The title of his first solo album, “Drums to Heal Society,” can be seen as a prophecy or a message of hope, given the events that shook the world after it came out in 2019. For Vassilis Podaras – aka Billy Pod – it was a harbinger for the next step in his career.
The Greek musician and composer moved to London, started getting his name out in the city’s massive jazz scene and met new people he wanted to work with – until it all came to a grinding halt with the advent of the pandemic.
“I had been thinking about leaving for London for five or six years, to chase new opportunities, to meet people and get some fresh inspiration for my work,” Podaras tells Kathimerini from his house near the River Thames.
“The album did pretty well and I was starting to book some live gigs, so I made the leap. I hadn’t accounted for the pandemic, of course, but there is still a lot to gain, even as we live in anticipation of ‘reopening,’” adds the Greek drummer, who is also teaching music at the University of the Ionian, online, from the British capital.
Accustomed to playing between 150 and 200 live concerts a year, the forced sabbatical from the stage is definitely annoying, but it also has an upside for the musician.
“Live shows have basically stopped here since last March, with the exception of a brief reopening at the start of autumn. Personally, I have played only one show, and that was a festival in Greece in July. At some point, however, and seeing that the pandemic is not going anywhere anytime soon, I decided that I needed to make a bigger adjustment, so I’m doing a lot of studying and writing a lot of music, while I’m also planning a live show with the band I play with here. The preparation is not very easy because many musicians have left the city because they can’t afford the outrageous rent here, but we’re making do,” he says.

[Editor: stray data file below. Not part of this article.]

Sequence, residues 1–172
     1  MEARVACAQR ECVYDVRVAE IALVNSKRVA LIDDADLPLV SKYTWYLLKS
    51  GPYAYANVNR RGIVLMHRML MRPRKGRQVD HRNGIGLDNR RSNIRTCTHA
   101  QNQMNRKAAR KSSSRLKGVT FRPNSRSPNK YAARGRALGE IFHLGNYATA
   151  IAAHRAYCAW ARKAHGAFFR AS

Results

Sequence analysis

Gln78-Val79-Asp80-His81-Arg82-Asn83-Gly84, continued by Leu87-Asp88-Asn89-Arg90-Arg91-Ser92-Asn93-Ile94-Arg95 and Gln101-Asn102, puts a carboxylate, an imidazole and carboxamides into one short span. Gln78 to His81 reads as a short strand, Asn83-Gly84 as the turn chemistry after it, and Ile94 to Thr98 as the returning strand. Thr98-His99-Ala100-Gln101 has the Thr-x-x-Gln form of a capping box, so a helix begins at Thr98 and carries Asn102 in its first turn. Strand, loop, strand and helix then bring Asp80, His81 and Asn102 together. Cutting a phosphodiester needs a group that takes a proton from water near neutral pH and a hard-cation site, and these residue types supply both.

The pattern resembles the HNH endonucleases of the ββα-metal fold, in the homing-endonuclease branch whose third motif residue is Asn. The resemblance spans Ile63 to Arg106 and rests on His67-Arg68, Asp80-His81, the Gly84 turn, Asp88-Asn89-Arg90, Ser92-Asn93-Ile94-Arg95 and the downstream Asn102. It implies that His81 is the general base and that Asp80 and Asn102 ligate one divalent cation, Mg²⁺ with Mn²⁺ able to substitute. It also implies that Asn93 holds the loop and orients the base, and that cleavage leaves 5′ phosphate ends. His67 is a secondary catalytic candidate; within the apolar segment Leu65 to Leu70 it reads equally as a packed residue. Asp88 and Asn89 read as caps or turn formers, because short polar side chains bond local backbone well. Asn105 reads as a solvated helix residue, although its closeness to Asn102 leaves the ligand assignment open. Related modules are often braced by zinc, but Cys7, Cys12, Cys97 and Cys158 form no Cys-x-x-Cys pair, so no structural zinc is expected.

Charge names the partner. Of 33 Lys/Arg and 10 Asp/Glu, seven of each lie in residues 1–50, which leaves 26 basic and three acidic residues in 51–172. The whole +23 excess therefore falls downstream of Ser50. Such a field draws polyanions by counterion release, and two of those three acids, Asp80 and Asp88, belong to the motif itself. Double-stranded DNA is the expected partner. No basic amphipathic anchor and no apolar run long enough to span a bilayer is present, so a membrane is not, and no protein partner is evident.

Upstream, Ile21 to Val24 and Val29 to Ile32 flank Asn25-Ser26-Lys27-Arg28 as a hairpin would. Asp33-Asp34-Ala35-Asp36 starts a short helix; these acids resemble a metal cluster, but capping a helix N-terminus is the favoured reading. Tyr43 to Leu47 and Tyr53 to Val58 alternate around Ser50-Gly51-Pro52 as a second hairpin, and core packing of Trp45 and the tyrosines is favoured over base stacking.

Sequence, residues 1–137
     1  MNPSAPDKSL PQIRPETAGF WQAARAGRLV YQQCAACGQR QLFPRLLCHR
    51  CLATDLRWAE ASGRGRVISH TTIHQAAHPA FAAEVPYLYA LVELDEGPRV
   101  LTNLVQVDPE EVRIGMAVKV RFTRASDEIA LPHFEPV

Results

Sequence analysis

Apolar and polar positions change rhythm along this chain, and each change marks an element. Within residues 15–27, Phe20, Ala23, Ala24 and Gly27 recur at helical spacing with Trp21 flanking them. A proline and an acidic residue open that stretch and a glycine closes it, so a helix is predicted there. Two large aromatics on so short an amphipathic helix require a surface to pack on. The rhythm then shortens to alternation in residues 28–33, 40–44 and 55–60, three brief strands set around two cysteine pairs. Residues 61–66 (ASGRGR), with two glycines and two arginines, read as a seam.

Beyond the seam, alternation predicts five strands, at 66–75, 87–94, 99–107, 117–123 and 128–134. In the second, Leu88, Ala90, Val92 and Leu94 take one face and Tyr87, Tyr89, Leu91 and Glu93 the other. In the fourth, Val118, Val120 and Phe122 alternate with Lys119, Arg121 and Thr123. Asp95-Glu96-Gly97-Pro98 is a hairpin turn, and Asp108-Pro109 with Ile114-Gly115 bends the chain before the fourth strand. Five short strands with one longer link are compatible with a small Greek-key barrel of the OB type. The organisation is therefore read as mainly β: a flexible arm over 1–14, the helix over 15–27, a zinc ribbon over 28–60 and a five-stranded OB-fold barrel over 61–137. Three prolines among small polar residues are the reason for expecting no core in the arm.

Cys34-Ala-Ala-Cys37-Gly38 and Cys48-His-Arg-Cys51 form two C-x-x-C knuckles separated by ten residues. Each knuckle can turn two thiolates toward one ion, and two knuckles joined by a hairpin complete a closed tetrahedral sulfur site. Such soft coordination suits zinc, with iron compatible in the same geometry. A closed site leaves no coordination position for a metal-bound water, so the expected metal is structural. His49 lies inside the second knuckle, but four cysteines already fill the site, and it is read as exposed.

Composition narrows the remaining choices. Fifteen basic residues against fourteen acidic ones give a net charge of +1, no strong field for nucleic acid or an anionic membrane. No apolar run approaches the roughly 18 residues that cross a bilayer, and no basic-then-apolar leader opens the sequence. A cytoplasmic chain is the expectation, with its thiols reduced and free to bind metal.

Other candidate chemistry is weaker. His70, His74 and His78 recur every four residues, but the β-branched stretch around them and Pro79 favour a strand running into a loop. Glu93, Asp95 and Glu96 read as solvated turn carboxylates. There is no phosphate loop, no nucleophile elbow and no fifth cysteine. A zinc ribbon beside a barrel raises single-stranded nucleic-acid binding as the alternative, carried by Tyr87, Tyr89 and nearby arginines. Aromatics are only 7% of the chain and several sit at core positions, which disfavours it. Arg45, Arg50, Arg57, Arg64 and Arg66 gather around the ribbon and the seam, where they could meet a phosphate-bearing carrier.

The concert is scheduled to be streamed live on Sunday, February 21, from London’s Premises Studios, renowned for having hosted names such as Amy Winehouse, Nick Cave and the Arctic Monkeys, among many others.
I ask him whether the isolation from the stage has made him feel a tad “rusty.”
“Sure, studying is great, it gives you confidence, but there’s nothing like a live performance. This is especially so with jazz because the only way to get better is to play and to play with other musicians, to form a bond. If I had to break it down into percentages, I would say that it’s 70% about playing and instincts and 30% about studying,” says Podaras.
What is it about London that has made its jazz scene so attractive in the past few years as to draw “musical migrants” like him?
“London is already a cultural melting pot and the jazz scene here has very deep roots and incredible variety. There’s an entire branch of musicians that play jazz in its more conventional form and do it very, very well. Then there are the modern trends that started in Black neighborhoods in South London and are a mix with funk, neo-soul and hip-hop, music that is much more prominent today. I try to get as much as I can out of all this. I have my own direction, but I am open to new stimuli, ideas and interactions with new sounds,” he explains.